Photo of the Day: Foggy Bottom Bids Farewell to Wendy Sherman

Posted: 12:02 am EDT

Via state.gov

U.S. Secretary of State John Kerry presents a Distinguished Service Award to Under Secretary for Political Affairs Wendy Sherman during a farewell ceremony in her honor at the U.S. Department of State in Washington, D.C., on September 21, 2015. [State Department photo/ Public Domain]

U.S. Secretary of State John Kerry presents a Distinguished Service Award to Under Secretary for Political Affairs Wendy Sherman during a farewell ceremony in her honor at the U.S. Department of State in Washington, D.C., on September 21, 2015. [State Department photo/ Public Domain]

Kerry Appoints Amb. Steve Mull as Lead Coordinator for Iran Nuclear Implementation

Posted: 12:14 pm EDT


Last month, Ambassador Steve Mull was rumored to be the pick for the top job on the Iran deal. (see U.S. Embassy Poland: Ambassador Steve Mull Flies in F-16, Reportedly Lands Top #IranDeal Job).

On September 17, Secretary Kerry officially announced Ambassador Mull’s appointment as Lead Coordinator for Iran Nuclear Implementation:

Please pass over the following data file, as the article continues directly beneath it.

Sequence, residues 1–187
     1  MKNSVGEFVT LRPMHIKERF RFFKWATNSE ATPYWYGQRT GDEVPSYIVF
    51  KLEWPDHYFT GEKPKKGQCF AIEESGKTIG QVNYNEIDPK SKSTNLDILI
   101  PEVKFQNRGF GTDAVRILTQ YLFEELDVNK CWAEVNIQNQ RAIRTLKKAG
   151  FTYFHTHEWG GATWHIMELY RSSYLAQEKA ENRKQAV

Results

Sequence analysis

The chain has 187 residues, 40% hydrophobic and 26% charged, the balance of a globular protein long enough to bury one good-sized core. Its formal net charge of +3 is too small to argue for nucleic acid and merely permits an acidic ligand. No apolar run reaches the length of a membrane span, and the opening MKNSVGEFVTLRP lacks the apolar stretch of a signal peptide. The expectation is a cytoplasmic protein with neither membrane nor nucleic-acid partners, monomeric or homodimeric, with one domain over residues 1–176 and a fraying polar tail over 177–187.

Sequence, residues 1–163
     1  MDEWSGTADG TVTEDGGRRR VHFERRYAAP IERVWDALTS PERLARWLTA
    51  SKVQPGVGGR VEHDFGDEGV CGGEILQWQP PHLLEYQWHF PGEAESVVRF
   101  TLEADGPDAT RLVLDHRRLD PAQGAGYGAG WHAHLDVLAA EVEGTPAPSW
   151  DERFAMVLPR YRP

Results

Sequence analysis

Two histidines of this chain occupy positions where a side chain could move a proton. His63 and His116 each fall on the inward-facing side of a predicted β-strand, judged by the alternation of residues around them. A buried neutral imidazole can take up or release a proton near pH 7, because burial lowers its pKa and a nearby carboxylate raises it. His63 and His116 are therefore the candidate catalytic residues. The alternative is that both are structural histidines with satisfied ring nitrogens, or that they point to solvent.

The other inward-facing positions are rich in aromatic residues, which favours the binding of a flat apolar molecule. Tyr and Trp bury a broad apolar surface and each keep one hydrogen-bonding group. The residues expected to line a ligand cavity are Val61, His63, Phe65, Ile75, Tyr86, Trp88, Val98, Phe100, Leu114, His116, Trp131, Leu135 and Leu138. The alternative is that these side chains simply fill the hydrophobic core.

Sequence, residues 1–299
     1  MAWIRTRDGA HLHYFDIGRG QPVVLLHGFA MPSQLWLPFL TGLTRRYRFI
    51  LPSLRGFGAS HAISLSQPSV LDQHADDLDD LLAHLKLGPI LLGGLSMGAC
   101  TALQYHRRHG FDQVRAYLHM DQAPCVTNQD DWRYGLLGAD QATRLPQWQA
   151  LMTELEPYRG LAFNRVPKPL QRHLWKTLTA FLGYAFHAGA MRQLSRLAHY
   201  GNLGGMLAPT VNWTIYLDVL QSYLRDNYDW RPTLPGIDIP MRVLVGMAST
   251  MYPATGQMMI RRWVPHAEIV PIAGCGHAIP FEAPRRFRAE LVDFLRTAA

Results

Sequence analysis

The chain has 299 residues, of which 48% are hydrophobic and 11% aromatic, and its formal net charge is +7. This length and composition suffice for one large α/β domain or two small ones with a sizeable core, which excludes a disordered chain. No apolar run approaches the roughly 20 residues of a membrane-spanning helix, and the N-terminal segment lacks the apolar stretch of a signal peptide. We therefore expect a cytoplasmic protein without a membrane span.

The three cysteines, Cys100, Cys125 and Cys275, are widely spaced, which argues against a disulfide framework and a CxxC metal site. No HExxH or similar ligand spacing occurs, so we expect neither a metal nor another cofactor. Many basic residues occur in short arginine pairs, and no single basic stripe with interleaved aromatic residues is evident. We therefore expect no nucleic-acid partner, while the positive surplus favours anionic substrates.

… I am so pleased to announce the appointment of Ambassador Stephen D. Mull as Lead Coordinator for Iran Nuclear Implementation. As we move past the 60-day Congressional review period, it is vitally important that we now have the right team with the right leader in place to ensure the successful implementation of the Joint Comprehensive Plan of Action (JCPOA), which will make the United States, our friends and allies in the Middle East, and the entire world safer.

From his position at the State Department, reporting directly to Deputy Secretary Blinken and me, Steve will lead the interagency effort to ensure that the nuclear steps Iran committed to in the JCPOA are fully implemented and verified, and that we and our partners are taking reciprocal action on sanctions, following the nuclear steps. His immediate team at the State Department will consist of experts with a variety of experience relevant to his task of coordinating inter-agency implementation of the JCPOA, and within State his team will rely on support from the bureaus with lead responsibilities in relevant policy areas, such as our support of the IAEA and sanctions issues. Interagency coordination will involve the Departments of State, Treasury, Energy, Homeland Security, Commerce, Justice, and Defense, as well as others in the intelligence and law enforcement communities.